In a particular embodiment of the invention, angle sensor data from the windshield wiper may also be used for synchronizing the phase counter with the weighting. In this case the present position angle of the windshield wiper is read by an angle sensor connected to the wiper and the phase counter is synchronized with this signal.
In order to improve the quality of evaluation of the image data by the driver assistance system still further, a conventional rain sensor that adjusts the frequency of the windshield wiper may be connected to the system. This signal is used for synchronizing the phase counter, in order to establish a stable phase relationship between the changing windshield wiper frequency after changing rain conditions and the phase counter as quickly as possible. A further effect of the rain sensor coupled with the windshield wiper controller is that the image from the video sensor is not swept by the wiper more frequently than necessary, because in light rain an excessively high frequency of the wiper may result in a large number of low ratings of a recorded image, because the wiper passes through the camera image more frequently than necessary and thereby frequently degrades large image portions unnecessarily.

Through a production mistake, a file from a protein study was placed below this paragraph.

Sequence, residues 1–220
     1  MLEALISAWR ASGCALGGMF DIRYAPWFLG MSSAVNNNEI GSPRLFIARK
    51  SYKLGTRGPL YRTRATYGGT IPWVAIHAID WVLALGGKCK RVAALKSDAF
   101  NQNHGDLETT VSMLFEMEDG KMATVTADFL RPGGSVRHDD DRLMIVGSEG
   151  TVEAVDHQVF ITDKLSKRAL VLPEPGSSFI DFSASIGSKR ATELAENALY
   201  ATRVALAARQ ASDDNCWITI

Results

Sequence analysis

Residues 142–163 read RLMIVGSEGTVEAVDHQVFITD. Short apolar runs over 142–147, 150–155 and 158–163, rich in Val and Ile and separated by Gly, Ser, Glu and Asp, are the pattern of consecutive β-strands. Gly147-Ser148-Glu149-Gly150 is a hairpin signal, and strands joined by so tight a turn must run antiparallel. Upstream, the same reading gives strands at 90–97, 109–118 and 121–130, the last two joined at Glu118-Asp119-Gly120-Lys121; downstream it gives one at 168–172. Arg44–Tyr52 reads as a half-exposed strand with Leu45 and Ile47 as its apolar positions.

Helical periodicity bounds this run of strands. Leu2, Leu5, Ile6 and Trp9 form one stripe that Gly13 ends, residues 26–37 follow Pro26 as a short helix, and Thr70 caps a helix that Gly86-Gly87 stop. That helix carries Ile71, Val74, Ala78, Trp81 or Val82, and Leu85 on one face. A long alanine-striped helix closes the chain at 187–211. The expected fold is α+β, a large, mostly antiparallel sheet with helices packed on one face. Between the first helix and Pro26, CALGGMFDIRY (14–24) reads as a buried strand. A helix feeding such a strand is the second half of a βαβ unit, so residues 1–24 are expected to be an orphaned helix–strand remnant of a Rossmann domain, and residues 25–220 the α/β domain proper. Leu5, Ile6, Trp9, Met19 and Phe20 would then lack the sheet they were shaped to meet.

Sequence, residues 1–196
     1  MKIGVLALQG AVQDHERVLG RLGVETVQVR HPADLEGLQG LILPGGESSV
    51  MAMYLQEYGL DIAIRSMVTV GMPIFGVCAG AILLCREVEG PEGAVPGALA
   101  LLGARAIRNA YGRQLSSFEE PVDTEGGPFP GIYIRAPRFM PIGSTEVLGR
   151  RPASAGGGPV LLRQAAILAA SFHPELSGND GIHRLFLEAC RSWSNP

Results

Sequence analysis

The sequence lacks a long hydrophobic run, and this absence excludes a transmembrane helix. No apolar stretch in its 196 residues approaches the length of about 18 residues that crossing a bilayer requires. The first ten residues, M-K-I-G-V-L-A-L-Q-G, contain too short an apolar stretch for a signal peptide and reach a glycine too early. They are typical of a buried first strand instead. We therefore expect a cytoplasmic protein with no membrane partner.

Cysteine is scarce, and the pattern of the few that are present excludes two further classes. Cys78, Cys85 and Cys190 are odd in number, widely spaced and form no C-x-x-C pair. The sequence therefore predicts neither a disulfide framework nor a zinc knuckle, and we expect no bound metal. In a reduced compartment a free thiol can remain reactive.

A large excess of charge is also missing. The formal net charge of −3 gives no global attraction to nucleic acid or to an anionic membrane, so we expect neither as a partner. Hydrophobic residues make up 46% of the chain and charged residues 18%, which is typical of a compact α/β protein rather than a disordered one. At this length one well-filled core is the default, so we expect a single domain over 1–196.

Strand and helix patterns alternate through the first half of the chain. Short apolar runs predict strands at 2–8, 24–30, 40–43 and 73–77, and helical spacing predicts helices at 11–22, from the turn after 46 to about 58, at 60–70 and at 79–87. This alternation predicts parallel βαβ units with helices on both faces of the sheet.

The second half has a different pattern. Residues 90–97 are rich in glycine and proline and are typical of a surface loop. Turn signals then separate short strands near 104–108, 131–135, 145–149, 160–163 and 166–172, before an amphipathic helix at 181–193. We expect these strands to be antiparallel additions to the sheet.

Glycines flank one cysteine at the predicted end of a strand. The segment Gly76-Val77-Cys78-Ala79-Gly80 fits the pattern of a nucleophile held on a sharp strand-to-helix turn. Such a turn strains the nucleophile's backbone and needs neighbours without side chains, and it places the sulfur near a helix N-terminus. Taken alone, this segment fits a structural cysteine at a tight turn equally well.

Yet another improvement creates synchronization of the exposure control of the camera with the windshield wiper. A non-synchronized exposure control could begin to oscillate due to the recurring windshield wiper shadow and increase the exposure of the objects of interest as the wiper passes, and reduce it to a regulated measure between two coverages. But if the exposure control is synchronized, then the higher quality image portions that are behind the sweeping windshield wiper are usable for an evaluation, these image portions being incorporated into the other image portions with regulated exposure and no erroneous artifacts being incorporated into the analysis due to incorrect exposure or overexposure.
BRIEF DESCRIPTION OF THE DRAWINGS
The exemplary embodiments and/or exemplary methods of the present invention will be explained in further detail on the basis of the accompanying figures.
FIG. 1 shows a schematic image of a camera for a driver assistance program including the shadow of a windshield wiper.